We also thought our reign would never end, until it did and we were replaced by a more compliant generation of children who marketed their own version of youth, a take-over which made my generation a bit nauseous…and yet strangely attracted to it (yes I’m taking about the Britney Spears years and I’m not apologizing for the fact that I enjoyed it).

But I digress.

The rise of YA literature (and their subsequent transformation into blockbuster films) is not so much the direct result of teens flocking to the subject matter as it is the adults who find comfort in them. Sure, adult fare like 50 Shades of Grey might have broken all kinds of selling records, but remember, we are talking about fan-fiction derived from the Twilight series, which adults also bought by the droves, and the underlying message of 50 Shades is that somewhere, deep down inside, we want the intensity of our teen hormones back…and maybe tied up and spanked.

And while these youthful distractions may sate our internal needs to relive a particular moment in time, they also tempt us. I have friends who have dropped out of adulthood recently, and while I can’t prove that they were seduced by their reading habits (they are completely in love with Harry Potter and re-read them constantly) they have, however, sold most of their belongings, re-vamped an old travel trailer and set off to see the US. When asked how they will survive without jobs they replied in a typical teenage way, “I’ll make and sell stuff at craft fairs or start a blog”.

You have to love it.

So perhaps all of this teen stuff really isn’t for teens after-all. The progenitors of this YA movement are really people my age (give or take a few years) who have created these worlds and are reflections of their own desires. So naturally, one could assume that subconsciously these writers and showrunners and directors are all giving us old people a chance to embrace our hidden youth, that part of us who, upon waking up on their 41st birthday, wonder what the fuck just happened to them.

And maybe that’s what is needed. A revolution of us aging folks dropping out of society in order to follow Dave Matthews around on tour or Instagram our way across Route 66 or hell, even start a weekly cocktail party where everyone gets dressed up Mad Men-style and drinks enough Martinis to forget about mortgage payments for a while.

Rebellion can take many forms and if this surge in popularity for teen-centric entertainment is any indication, we adults have had enough, and in the eternal words of Twisted Sister:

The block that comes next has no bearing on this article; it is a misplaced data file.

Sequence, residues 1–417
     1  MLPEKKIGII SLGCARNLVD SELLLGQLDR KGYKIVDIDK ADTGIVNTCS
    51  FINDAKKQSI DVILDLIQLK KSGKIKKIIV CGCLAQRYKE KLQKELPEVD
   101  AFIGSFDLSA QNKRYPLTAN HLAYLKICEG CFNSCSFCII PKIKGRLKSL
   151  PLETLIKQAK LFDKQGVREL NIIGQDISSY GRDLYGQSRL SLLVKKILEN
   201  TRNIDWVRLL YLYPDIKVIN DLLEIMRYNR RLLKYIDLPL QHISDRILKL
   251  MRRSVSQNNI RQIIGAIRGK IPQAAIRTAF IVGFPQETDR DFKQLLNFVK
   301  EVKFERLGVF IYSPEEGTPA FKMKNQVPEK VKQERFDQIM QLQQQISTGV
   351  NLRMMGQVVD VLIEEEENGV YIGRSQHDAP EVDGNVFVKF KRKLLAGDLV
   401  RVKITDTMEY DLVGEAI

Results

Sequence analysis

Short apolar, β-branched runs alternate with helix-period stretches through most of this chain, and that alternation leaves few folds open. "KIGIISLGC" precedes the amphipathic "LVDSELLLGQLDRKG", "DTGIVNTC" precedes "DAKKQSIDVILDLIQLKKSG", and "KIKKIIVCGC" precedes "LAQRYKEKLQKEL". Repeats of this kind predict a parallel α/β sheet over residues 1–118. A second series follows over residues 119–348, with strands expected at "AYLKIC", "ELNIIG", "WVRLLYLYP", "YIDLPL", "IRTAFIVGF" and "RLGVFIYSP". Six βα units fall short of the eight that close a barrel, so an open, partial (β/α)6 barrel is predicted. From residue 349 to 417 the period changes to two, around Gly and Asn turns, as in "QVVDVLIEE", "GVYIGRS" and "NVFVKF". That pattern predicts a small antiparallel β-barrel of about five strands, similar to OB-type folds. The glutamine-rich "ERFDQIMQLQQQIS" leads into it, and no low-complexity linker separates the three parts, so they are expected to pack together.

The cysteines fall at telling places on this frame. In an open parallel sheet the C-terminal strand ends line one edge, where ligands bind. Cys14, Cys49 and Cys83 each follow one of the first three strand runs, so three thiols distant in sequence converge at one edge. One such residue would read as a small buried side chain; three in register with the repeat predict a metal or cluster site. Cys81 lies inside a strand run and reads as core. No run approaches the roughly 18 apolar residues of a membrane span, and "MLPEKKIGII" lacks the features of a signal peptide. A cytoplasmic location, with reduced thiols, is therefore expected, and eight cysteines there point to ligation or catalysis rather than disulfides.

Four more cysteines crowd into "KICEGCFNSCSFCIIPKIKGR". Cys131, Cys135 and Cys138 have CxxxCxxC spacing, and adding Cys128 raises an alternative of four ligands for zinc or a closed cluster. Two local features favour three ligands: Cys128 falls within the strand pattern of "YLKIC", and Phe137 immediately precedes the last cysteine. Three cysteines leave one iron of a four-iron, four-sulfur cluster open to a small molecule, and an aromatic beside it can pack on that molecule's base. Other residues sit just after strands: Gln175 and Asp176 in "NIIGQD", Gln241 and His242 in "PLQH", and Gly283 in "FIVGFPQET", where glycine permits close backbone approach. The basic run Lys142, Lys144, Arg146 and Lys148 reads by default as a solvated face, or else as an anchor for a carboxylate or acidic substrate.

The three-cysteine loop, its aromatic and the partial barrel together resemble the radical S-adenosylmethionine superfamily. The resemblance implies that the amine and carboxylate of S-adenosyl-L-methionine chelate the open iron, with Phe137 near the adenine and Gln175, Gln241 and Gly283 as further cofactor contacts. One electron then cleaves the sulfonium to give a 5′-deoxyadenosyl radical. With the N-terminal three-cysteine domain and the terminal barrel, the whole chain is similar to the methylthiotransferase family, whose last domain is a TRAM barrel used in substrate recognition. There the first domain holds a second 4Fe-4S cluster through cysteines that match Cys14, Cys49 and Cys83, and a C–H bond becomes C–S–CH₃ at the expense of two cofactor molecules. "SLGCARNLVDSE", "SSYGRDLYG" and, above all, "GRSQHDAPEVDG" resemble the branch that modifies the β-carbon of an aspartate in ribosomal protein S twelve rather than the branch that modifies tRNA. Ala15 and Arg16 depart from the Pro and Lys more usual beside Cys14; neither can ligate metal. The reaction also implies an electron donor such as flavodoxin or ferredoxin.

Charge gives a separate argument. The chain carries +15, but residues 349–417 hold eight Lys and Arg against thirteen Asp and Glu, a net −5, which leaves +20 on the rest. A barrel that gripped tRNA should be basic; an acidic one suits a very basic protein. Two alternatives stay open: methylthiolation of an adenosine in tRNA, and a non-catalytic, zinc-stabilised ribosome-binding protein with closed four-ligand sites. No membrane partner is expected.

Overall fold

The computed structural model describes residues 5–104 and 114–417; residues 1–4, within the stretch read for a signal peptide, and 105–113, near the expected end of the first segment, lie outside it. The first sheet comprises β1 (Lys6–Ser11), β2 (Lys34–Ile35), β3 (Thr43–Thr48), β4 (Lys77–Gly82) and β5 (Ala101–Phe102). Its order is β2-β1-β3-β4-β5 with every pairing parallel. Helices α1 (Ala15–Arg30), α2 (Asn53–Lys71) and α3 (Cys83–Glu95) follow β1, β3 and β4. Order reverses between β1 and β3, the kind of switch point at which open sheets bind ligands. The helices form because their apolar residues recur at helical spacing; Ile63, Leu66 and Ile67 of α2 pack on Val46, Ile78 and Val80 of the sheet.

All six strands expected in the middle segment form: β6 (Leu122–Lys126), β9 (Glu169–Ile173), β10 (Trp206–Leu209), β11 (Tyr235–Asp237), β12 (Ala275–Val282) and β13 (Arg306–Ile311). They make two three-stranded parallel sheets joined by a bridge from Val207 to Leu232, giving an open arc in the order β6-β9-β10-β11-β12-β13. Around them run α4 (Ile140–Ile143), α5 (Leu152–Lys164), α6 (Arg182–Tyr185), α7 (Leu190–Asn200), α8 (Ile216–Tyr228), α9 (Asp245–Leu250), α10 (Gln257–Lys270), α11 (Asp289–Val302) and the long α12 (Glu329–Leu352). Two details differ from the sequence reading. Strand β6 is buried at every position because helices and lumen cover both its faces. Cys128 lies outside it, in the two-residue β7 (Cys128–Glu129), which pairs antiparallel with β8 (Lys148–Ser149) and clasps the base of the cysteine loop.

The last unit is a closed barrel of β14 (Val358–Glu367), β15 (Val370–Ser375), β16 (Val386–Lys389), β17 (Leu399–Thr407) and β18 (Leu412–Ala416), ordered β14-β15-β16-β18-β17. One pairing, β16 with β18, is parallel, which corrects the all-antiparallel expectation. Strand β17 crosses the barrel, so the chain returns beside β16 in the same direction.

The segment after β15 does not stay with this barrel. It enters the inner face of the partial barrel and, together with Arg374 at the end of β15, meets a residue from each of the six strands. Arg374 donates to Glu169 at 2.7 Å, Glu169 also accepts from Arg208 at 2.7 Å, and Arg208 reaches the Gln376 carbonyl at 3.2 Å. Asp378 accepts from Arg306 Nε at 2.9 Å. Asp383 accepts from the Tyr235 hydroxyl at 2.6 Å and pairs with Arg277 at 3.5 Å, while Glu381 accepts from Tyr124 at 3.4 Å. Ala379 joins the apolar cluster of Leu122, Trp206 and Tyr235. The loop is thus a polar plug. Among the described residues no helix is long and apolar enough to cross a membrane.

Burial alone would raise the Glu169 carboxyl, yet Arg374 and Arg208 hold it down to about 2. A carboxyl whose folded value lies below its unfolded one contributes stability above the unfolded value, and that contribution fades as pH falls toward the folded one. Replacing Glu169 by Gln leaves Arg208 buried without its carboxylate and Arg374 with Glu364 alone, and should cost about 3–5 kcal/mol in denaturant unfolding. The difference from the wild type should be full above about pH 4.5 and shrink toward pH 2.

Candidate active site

So watch out world, we oldies are about to take back the world…you know, right after we finish doing the laundry and going to the grocery store.


If you are interested in starting a path of youth reclamation, I have included a list of my top 10 favorite YA books and movies to help you on your way.

Books (in no certain order):

1. Sleeping Freshman Never Lie– David Lubar

2. Nick and Norah’s Infinite Playlist– Rachel Cohn and David Levithan

3. Miss Peregrine’s Home For Peculiar Children– Ransom Riggs

4. Whip It– Shauna Cross

5. Wolf Boy– Evan Kuhlman

6. Hairstyles of the Damned– Joe Meno

7. The Hunger Games series– Suzanne Collins

8. Paper Towns– John Green

9. The Perks of Being A Wallflower– Stephen Chbosky

10. Monster– Walter Dean Myers

11. (I know I said 10 but dammit, I will not cut the Harry Potter Series by J.K. Rowling)

Movies (in no particular order):

1. Easy A

2. Kids

3. Submarine

4. 10 Things I Hate About You 

5. Empire Records 

6. Juno 

7. Dazed and Confused 

8. Heathers 

9. Pump Up The Volume 


10. The Sure Thing 

(Yes, I know there’s no John Hughes films listed but those are a given…it’s not like you don’t have them memorized by now).

Also, just because they are insanely funny and interesting, check out:

1. X Saves the Day: How Generation X Got the Shaft But Can Still Keep Everything from Sucking– Jeff Gordinier

2. Lost in America (a film by Albert Brooks)

You’ll be glad that you did.